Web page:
And there they were: women clearly in the prime of life, physically, mentally, emotionally, not weak people in any way; women of commanding presence and competence and assurance, each expressing, after five years, the deep grief and love they felt for the man they had lost. And this is what struck me: it was there, it was genuine, and there was no explanation whatever given as to why they loved this man, or what he had done to deserve their love. It was just a statement of love, period.

It did startle me. I know it was television I was watching, and just that fact alone spreads the veneer of triviality and unthinking convention over everything, but this was reportage too, in stark contrast to the peppy backdrop of popular culture, of TV-commercial-land in which every man is a pompous fool and every woman is cute and amazingly smart. But even setting aside the clichés of the commercials and the sitcoms, there is a standard respectable way that TV handles tragedies and anniversaries of this type. And therefore, insofar as the TV anchors are in control of the content, there has to be an angle, a reason, a hook to stimulate our vicarious melancholy - to keep us all on board with the appropriate degree of collective grief.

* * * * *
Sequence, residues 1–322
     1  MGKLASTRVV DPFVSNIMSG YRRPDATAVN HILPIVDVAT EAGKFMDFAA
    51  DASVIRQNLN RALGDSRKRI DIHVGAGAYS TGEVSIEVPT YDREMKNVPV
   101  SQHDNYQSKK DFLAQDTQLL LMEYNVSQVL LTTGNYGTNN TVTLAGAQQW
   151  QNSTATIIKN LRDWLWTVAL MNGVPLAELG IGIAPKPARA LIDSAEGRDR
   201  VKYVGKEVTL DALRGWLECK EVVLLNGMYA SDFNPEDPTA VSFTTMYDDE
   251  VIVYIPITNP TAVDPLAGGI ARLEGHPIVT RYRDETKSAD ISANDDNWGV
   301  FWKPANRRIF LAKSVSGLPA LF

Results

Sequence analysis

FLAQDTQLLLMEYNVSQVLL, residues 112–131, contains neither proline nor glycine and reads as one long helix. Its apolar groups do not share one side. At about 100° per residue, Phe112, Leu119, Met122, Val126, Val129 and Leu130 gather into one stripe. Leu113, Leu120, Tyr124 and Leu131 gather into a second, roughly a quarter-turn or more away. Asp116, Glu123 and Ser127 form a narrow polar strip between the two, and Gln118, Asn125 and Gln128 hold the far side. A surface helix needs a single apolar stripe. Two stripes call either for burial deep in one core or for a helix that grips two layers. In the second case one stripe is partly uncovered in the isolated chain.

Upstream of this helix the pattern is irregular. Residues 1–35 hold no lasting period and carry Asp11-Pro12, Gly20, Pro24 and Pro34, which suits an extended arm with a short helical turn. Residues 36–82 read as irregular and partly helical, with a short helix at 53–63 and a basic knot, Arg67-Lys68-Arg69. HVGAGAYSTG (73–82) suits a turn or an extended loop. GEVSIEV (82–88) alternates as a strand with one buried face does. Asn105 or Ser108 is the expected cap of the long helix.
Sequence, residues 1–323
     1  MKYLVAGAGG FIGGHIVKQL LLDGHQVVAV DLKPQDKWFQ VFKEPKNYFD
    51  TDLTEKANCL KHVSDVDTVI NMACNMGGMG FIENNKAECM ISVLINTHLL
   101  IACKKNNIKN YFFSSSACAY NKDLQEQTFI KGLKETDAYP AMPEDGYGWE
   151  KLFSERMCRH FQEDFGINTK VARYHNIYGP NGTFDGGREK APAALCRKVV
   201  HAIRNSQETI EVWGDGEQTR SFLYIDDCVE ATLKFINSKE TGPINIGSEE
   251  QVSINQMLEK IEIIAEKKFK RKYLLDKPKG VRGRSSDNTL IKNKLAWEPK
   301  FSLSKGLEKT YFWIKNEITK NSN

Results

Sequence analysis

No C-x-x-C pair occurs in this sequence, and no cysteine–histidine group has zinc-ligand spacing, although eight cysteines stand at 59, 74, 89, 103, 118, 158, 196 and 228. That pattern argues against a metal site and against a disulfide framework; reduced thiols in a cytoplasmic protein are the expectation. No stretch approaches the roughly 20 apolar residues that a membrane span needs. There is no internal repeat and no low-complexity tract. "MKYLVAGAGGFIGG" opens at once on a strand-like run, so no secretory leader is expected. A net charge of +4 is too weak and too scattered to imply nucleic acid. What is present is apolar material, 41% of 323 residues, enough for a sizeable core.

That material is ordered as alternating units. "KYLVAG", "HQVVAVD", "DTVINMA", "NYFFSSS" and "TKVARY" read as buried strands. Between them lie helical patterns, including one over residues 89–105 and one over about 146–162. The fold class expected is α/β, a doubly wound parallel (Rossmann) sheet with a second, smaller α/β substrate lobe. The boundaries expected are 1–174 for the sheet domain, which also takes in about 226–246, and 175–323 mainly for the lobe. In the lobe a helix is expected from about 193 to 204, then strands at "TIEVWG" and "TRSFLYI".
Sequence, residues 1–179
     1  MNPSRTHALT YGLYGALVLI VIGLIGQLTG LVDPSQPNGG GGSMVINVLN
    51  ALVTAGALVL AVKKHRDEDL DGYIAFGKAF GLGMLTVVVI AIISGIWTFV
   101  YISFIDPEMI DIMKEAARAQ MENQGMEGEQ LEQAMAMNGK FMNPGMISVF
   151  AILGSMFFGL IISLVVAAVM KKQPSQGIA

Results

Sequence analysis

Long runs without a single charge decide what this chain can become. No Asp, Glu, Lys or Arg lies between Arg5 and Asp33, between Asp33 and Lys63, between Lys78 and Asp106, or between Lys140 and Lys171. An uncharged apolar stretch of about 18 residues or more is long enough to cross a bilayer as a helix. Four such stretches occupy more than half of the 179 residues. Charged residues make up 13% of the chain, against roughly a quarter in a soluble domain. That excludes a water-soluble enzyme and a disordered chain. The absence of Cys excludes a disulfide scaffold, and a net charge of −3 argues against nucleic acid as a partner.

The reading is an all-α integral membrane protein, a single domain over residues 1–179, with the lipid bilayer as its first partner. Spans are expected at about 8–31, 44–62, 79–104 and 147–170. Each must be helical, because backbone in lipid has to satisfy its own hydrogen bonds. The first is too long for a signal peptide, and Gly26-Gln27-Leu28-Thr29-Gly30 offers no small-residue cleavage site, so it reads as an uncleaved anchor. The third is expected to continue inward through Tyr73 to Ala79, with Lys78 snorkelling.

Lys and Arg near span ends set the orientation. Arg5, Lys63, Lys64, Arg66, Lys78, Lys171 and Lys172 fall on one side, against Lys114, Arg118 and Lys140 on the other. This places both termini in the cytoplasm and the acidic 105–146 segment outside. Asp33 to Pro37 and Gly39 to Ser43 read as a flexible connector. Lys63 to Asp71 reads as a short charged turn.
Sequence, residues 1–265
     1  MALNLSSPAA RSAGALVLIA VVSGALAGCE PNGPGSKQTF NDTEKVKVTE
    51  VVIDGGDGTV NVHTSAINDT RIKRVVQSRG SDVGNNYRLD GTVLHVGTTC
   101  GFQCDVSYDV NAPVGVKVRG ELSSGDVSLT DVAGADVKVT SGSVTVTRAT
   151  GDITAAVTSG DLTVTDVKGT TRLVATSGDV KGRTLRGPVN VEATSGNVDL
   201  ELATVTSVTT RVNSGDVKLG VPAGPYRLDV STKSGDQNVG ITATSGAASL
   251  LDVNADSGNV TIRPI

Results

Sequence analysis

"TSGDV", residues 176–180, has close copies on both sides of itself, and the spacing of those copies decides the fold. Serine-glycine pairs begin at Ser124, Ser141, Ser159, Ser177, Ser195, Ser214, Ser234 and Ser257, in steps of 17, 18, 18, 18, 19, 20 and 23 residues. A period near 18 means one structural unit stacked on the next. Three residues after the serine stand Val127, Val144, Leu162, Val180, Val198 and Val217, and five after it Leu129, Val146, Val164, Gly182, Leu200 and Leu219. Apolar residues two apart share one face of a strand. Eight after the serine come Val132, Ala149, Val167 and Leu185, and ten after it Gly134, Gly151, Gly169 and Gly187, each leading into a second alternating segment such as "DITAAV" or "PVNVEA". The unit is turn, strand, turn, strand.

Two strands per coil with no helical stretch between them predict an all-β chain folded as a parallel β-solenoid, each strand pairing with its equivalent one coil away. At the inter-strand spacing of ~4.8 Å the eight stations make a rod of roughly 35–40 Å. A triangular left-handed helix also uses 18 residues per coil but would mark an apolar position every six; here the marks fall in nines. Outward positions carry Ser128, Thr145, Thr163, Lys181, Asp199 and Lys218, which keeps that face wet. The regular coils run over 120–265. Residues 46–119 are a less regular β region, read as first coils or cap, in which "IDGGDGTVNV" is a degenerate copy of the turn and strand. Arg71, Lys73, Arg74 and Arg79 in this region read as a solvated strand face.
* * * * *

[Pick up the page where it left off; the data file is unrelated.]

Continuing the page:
So we see pictures of beautiful young women killed, mothers desperately missed by their equally photogenic children. And we get detailed narratives of the heroism and fate of fire-fighters lost, of police and rescue workers, and other performers of brave compassionate deeds, often at the cost of their lives.

This is why I was reluctant to write about this, because these are all real tragedies, real mothers lost, real heroes destroyed, and I don’t want to draw away from those. But these stories, sadly, are always with us, and so perhaps there is a little room for a more puzzling observation. One that really has nothing at all to do with 9/11, except that the mourning ceremony revealed it to me and, surprisingly, surprised me.

For when the TV anchors were not in charge, and the cameras were simply rolling, then it was not only the firefighters and rescue workers who were mourned. It was also the husbands of this series of widows, men about whom we knew nothing at all except that each one was a man, had a name, and had been very much loved.

I am absolutely not making any comparison here with the mourning for lost women, children, or anybody about whom we know a great deal. But I am a man, and I speak as a man of my reaction to the grief, without further explanation, over these lost men. It truly caught me unprepared, and was like scales falling from my eyes.